Her stories are heartbreaking: girls as young as nine forced by their parents to sell themselves to the truck drivers so the family can eat; a teenage boy raping a friend’s sister after his friend did likewise to his own sister, leaving her pregnant; children late to school because their mother locks them in the house overnight while she services the passing trade; mums who go missing for weeks while they take to the road with a man who’s offered money and a flicker of love.
A tiny eight-year-old boy called Sila tells Naitanui how he spent weeks living in a marketplace where he was sodomised, and sold soft-drink bottles to buy food. For the West Coast Eagles player, harrowing tales such as Sila’s are all the more reason to be here. He has travelled to Kenya after the end of the team’s latest season; he believes it’s not enough just to play footy and enjoy the trappings of success. “I come from a challenging background so I can relate to some of these kids,” he tells Stellar. “I always thought if I did make something of myself, I’d be obliged to give back.”
Naitanui was born in Penrith, NSW, and raised with his twin brother by a single mum after his dad died when the boys were two. He tells Stellar that hearing the children’s stories firsthand was confronting, particularly because they were the same age as his nephews and nieces. But education, he says, is key. “The more education these children get, the less likely they’ll fall into these traps, and the more likely they’ll get good jobs so they don’t have to live in poverty. They’re not just going to become smart kids but good people as well.”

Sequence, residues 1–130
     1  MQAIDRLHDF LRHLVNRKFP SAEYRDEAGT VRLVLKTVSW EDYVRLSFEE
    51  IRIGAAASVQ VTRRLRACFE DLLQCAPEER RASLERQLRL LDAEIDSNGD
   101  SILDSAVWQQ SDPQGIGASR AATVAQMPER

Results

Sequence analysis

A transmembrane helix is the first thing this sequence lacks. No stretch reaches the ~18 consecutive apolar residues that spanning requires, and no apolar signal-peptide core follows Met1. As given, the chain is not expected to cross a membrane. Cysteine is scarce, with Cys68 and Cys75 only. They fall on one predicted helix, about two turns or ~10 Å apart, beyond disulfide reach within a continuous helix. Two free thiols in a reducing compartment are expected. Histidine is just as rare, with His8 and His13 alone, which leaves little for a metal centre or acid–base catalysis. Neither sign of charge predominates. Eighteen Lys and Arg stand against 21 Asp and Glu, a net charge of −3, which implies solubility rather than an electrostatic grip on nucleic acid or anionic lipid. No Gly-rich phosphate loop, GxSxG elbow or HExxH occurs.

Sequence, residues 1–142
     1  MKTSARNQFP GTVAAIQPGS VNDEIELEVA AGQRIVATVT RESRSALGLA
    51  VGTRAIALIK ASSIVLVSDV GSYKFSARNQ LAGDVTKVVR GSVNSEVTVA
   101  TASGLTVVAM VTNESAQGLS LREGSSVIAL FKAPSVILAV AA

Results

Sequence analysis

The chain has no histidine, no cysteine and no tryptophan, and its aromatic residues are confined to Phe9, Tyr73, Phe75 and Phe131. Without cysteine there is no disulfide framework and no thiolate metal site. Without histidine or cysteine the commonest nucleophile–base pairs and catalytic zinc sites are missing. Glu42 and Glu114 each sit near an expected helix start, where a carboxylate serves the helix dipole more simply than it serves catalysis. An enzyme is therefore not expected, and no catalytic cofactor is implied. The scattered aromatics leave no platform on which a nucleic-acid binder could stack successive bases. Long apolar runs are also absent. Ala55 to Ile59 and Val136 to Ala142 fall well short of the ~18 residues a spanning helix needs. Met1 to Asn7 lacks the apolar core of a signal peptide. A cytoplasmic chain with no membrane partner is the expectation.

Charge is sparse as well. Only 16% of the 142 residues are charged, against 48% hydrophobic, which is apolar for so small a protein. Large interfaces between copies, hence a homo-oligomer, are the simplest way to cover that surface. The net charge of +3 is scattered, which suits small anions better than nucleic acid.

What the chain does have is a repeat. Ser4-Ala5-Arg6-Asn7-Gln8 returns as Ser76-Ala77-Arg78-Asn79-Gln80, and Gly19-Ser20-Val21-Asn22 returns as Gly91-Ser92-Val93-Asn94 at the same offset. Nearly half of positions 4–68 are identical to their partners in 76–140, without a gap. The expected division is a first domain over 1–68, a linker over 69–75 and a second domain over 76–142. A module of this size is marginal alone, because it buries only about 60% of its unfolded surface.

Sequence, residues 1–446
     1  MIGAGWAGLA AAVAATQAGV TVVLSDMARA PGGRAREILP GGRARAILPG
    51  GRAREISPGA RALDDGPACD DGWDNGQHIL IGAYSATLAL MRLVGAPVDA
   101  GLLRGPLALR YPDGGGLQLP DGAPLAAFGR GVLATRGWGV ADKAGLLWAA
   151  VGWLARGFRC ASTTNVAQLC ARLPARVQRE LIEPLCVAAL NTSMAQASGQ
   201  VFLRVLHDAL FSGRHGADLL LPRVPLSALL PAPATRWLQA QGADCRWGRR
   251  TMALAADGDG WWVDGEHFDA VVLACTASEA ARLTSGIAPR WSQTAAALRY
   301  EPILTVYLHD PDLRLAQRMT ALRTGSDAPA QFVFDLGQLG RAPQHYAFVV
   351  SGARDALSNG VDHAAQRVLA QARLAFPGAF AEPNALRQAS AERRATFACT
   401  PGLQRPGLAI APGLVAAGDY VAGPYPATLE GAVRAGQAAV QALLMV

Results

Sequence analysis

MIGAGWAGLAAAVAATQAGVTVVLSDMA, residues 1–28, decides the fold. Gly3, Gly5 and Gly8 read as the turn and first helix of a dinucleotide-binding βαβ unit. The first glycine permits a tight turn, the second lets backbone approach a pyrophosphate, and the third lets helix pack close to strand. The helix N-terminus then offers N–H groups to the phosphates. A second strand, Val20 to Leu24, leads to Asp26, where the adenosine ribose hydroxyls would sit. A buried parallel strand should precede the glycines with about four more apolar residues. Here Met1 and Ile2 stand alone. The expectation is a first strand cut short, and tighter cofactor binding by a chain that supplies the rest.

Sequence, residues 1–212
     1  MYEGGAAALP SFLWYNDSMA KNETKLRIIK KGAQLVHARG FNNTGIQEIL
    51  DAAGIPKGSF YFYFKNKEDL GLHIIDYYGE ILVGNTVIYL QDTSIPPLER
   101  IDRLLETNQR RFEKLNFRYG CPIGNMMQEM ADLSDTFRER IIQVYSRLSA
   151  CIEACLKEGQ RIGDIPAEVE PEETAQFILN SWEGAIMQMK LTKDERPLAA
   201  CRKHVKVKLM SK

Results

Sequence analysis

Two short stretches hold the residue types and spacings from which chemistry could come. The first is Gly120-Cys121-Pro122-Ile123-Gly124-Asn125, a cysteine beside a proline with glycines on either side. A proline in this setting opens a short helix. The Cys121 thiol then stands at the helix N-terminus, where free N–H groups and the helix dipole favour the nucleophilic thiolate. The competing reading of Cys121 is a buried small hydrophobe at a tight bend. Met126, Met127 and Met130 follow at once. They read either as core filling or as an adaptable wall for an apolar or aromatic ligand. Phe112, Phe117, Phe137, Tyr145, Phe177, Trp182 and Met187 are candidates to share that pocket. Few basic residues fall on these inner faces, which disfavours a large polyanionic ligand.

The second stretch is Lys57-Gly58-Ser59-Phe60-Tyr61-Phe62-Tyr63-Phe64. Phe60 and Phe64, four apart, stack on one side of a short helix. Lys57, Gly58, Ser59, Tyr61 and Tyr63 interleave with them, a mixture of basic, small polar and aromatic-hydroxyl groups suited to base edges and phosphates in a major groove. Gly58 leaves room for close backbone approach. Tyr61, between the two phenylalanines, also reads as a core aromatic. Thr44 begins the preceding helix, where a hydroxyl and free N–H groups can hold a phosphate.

Over a week that saw him introduced to World Visionsupported initiatives, such as a women’s food-production group, a water-management project, a community-led savings cooperative, goat farming programs – as well as nearly 1500 eager schoolchildren – in the end it was footy that won him a new legion of fans. The old women might’ve chuckled at his 201cm frame and his size 15 feet, but for the kids, it was all about the sport. “You can travel this far across the globe and a funny-shaped ball brings everything and everyone together,” he tells Stellar with a grin.
At one point during his visit, Naitanui played for more than an hour on the red dirt field, but as he was leaving a little boy nervously reminded his teacher he’d been promised a private lesson. Turns out Sila, with his broken shoes and broken life, had told the big man his story in return for a few kicks. And so it was that as the sun went down, a little boy with nothing felt he was everything. Help change the life of a child and the people around them this Christmas by sponsoring a child or giving a gift that will transform their world. For more information, visit worldvision.com.au/ways-to-give.
ON THE MARK (clockwise from opposite left) AFL star Nic Naitanui visiting school children in Kenya; the footballer making two new fans; listening to a child’s story in a rescue centre with a worker from World Vision; the local women found his towering frame amusing; Naitanui sharing his time, and love of footy, with the kids; (below) playing for the West Coast Eagles this year.